It takes some skill to find a new angle to one of the most well-known lessons in the history of The Church of Jesus Christ of Latter-day Saints — but director/co-writer Garrett Batty exercises that ability well in the compelling Western drama “Out of Liberty.”

Those who remember their church talks know about Liberty Jail, where church founder Joseph Smith (played here by Brandon Ray Olive) and five other leaders were imprisoned from Dec. 1, 1838, to April 6, 1839, facing charges of treason and an extermination order from Gov. Lilburn W. Boggs.

As Batty, co-writing with Stephen Dethloff and S. McKay Stevens, depicts it, conditions for Smith and his men were horrid. The men shared a 14-foot-by-14-foot basement cell, accessible by a rope through a trap door above, with a bucket for their bathroom. A couple of the men were sick from the imprisonment and meager rations. Smith’s men plot to escape during one of the brief interludes when their jailer, Samuel Tillery, lets them upstairs.

Much has been written about Smith and the revelation he received in Liberty Jail. (It takes up three chapters in the faith’s Doctrine and Covenants.) Batty doesn’t tell this story from Smith’s vantage point, but focuses on the lesser-known Tillery. As played by Jasen Wade (a familiar face in such Utah-made films as “The Cokeville Miracle” and “17 Miracles”), Tillery is a taciturn, solitary man, a war veteran who wants to do his job and stay out of the political debate over the Mormons’ presence in Missouri.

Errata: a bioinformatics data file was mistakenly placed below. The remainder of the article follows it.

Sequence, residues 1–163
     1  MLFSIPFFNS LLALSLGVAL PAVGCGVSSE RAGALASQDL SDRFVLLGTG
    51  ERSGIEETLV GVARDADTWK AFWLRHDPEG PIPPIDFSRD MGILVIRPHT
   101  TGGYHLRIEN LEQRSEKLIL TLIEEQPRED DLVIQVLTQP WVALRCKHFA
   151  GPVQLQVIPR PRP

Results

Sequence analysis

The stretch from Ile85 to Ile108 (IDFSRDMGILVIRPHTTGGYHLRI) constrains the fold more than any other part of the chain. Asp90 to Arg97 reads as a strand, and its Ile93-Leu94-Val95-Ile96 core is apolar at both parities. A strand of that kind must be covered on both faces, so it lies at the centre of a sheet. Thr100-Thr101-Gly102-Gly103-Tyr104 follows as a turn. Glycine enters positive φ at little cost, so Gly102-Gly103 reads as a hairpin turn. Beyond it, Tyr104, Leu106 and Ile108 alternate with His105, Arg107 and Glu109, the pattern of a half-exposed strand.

Daily exposure to Smith and his men show Tillery that these Mormons aren’t the monsters they’ve been made out to be by their enemies. Some of those enemies show up regularly at the jail, and Tillery is put in the position — like Atticus Finch in “To Kill a Mockingbird” — of standing guard to prevent violence and see justice done.

Batty has proved, in the Russian hostage drama “The Saratov Approach” and the Liberian survival drama “Freetown,” that he is a master at showing Latter-day Saints in claustrophobic life-and-death situations. He deploys that talent again here, turning what could have been a stage play into a cinematic experience within the jail’s close quarters.

Olive brings a quiet soulfulness to his portrayal of Smith, who evolves quickly as a leader in jail. Also notable is Corbin Allred (“Saints and Soldiers,” “The Saratov Approach”), who steals a few scenes as Smith’s muscle, the larger-than-life Porter Rockwell.

But it’s Wade’s steely performance as Tillery, a man torn between what’s expected and what’s right, that gives “Out of Liberty” its backbone — and makes what could have been a dry history lesson into something vital and alive.

★★★
‘Out of Liberty’
In a moving historical drama, a jailer is put at the center of a war between imprisoned Latter-day Saint leaders and an angry mob.
Where • Utah theaters
When • Opens Friday, Sept. 13
Rated • PG for violence and thematic content.
Running time • 112 minutes